Until 1882 the Romanian vessels used for navigation the Danube charts drawn by Russian specialists and nautical charts prepared by the British specialists. With the increase of the military ships transiting the Danube River and establishment of the Navy Children School, it was felt the need for drawing and using Romanian documents. In this respect, the Major (Navy) Mihail Drăghicescu, as Chief of Fleet Staff, ordered that during the training marches on the Danube and execution of students training practice on board the Romanian vessels, measurements on the Danube should be carried out in order to know precisely the channels of navigation and existing obstructions.

Thus, in 1882 and 1883 Major Mihail Draghicescu, the crews and students embarked on the Fulgerul and Lebada ships collected a rich material which, skillfully used by Draghicescu, led to the drawing of the first Romanian Danube chart. This chart was reproduced at the scale 1:28 000 in 1895 being constantly updated by the military crews during the execution of training marches on the Danube. This chart was used in very good conditions until 1904. In the years 1885-1886 it was carried out the first survey of the Romanian Black Sea coast, in the Sulina - Gura Portiţei area on board the “Griviţa” gunboat, in order to study the possibilities of entry into the lake Razelm.

Since 1893, a group of hydrographic and hydrological surveyors led by Grigore Antipa carried out several working campaigns on board the cruiser “Elisabeta”, the Brig “Mircea” and the gunboat “Griviţa”.
Major (Navy) Mihail DRAGHICESCU
Major (Navy) Mihail DRAGHICESCU
The first hydrographic survey structure was the Special Section for the Hydrographic Works on the Danube River and Black Sea established in 1897 and led by Lieutenant Commander Alexandru Cătuneanu, hydrographic surveyor specialized in France and participant in two hydrographic campaigns in the Far East and Caledonia. On June 30, 1897 several officers were detached to the Special Section for hydrographic works which, under the command of Lieutenant Commander Alexandru Cătuneanu began to survey the Romanian coastline. The surveys were performed over a distance of 10 km of coastline, on the survey lines, at the distances of 2500 m from each other.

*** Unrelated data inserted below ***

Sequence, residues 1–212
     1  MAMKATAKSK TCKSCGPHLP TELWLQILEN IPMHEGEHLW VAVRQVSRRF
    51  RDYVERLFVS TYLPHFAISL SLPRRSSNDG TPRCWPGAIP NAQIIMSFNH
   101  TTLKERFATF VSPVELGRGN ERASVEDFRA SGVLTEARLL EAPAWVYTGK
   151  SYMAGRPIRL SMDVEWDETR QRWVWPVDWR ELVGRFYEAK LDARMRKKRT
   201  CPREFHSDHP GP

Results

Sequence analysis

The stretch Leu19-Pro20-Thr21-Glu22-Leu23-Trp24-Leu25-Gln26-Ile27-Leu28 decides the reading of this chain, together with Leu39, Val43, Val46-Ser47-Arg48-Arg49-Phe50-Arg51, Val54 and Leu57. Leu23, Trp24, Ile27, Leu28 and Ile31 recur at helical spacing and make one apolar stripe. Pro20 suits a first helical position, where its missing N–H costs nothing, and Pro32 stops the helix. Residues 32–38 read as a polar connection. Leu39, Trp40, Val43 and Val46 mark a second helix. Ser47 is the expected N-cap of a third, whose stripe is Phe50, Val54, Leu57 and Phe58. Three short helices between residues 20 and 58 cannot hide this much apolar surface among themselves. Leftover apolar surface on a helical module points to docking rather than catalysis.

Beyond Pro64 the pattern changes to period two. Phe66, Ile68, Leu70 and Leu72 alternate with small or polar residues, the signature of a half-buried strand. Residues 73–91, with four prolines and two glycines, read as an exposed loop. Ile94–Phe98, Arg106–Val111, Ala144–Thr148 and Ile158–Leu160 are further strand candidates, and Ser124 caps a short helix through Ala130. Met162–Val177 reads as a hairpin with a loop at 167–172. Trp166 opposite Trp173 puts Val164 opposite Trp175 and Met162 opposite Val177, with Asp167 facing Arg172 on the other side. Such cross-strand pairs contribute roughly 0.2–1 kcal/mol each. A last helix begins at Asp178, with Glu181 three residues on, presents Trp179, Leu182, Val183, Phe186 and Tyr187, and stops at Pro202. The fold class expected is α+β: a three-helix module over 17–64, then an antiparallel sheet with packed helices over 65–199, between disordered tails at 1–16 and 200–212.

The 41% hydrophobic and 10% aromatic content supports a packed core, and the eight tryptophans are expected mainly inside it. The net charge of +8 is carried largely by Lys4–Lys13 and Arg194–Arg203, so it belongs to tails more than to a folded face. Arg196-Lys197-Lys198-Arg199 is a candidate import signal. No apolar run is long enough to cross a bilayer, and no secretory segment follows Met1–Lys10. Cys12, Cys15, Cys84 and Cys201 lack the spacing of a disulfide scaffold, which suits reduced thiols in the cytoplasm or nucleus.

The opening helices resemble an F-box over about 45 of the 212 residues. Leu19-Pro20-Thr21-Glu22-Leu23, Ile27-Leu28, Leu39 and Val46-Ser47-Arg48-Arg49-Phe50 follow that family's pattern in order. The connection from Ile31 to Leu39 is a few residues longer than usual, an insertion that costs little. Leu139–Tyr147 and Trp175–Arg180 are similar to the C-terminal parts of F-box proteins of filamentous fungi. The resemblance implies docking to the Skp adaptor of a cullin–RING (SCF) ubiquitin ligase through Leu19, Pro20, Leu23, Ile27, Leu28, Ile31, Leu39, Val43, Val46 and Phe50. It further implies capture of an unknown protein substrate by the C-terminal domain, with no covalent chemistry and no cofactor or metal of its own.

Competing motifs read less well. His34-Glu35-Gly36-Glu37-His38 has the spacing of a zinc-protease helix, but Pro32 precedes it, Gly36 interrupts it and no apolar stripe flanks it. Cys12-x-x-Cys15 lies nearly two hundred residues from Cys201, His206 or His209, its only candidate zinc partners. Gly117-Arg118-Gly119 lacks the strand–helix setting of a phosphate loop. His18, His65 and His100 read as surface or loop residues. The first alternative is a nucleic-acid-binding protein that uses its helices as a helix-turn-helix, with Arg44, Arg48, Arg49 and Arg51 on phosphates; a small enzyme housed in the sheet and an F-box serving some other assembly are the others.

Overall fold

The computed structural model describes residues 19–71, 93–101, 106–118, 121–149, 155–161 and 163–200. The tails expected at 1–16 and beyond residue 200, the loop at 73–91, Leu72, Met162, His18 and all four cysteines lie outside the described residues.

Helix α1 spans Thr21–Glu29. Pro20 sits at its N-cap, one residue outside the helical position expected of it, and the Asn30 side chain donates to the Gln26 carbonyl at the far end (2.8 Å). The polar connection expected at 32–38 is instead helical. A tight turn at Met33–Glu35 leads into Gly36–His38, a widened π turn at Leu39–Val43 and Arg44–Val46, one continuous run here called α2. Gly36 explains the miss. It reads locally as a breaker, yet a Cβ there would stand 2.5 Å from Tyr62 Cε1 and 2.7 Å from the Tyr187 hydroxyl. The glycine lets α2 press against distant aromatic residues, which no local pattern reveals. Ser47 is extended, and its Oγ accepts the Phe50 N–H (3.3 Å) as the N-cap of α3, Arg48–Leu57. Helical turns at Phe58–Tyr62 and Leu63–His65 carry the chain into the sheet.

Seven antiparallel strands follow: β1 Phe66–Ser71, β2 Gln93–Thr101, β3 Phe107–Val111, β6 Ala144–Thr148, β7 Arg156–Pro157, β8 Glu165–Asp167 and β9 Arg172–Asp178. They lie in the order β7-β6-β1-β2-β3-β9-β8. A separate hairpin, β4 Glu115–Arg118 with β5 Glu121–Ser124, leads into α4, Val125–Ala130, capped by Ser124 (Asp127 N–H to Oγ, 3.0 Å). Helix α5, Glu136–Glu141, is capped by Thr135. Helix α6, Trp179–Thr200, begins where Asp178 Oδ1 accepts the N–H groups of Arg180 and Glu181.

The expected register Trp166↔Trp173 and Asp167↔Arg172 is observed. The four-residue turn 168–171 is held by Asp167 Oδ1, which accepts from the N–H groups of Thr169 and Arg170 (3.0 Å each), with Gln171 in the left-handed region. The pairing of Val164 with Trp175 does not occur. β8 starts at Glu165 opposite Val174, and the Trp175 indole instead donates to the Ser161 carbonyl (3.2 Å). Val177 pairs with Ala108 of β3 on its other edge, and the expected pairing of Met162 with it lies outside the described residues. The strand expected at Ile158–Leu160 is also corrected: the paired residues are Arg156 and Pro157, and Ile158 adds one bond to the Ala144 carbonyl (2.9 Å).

The First Romanian Danube Chart
The First Romanian Danube Chart
In 1900, after a laborious activity of four years, based on the information from hydrographic and hydrological works executed with the Brig “Mircea” and the boat “Rahova”, it was drawn the first Romanian nautical chart, known as “Cătuneanu Chart”. This was printed in Paris in the same year, receiving the gold medal at the Universal Exhibition held in the French capital. Updated and reprinted in 1929, this chart was used by the Romanian Navy until 1952.

Also in 1900, on the occasion of the Romanian-Bulgarian border delimitation, the Romanian officers together with the inspector Kehaia D. carried out several hydrographic surveys on the Danube River, near Silistra - Gura Văii, on the basis of which it was performed a chart of the Danube at the scale 1:50 000 and another one of the islands, of the scale 1:20 000.
In 1904, a River Piloting and Hydrography Service of the Navy was established in Galaţi, within which a practical river piloting school operated.
On 23 February 1926, by the Ministerial Decision no. 126, issued under the provisions of the Navy Organization Law of 1898 and art. 1 of the Navy Operation Rules in 1912 the Maritime Hydrographic Service was established, with its headquarters in the building of the Naval School from Constanţa (currently the building housing the Museum of the Romanian Navy). During 1926-1940, the Maritime Hydrographic Service performed numerous specific actions of which the most important were: the execution of the hydrographic surveying at the Danube River mouth, the exploration to expand the port of Constanta, publication of the nautical charts at the scale 1: 50.000 in the Romanian seaside area.

Between 1940 and 1945, the Maritime Hydrographic Service has provided Navy with hydrographic and hydro-meteorological information.

Between 1945 and 1955, the Maritime Hydrographic Service has participated in the navigation waterways and coastline redevelopment and published over 20 new nautical charts, at different scales, for the west side of the Black Sea.

On 11 November 1955, by the Decision of the Council of Ministers of the R.P.R. no. 2444, the Maritime Hydrographic Service was reorganized in Maritime Hydrographic Directorate (MHD).

During 1955 - 1990, the MHD performed several actions of great diversity for the benefit of the Romanian military and civilian vessels to ensure navigation in the area of responsibility of Romania, of which the most important were: construction and commissioning of lighthouses Constanta (1960) and Sf. Gheorghe (1968), publication of the "Black Sea Pilot" and “Notices to mariners".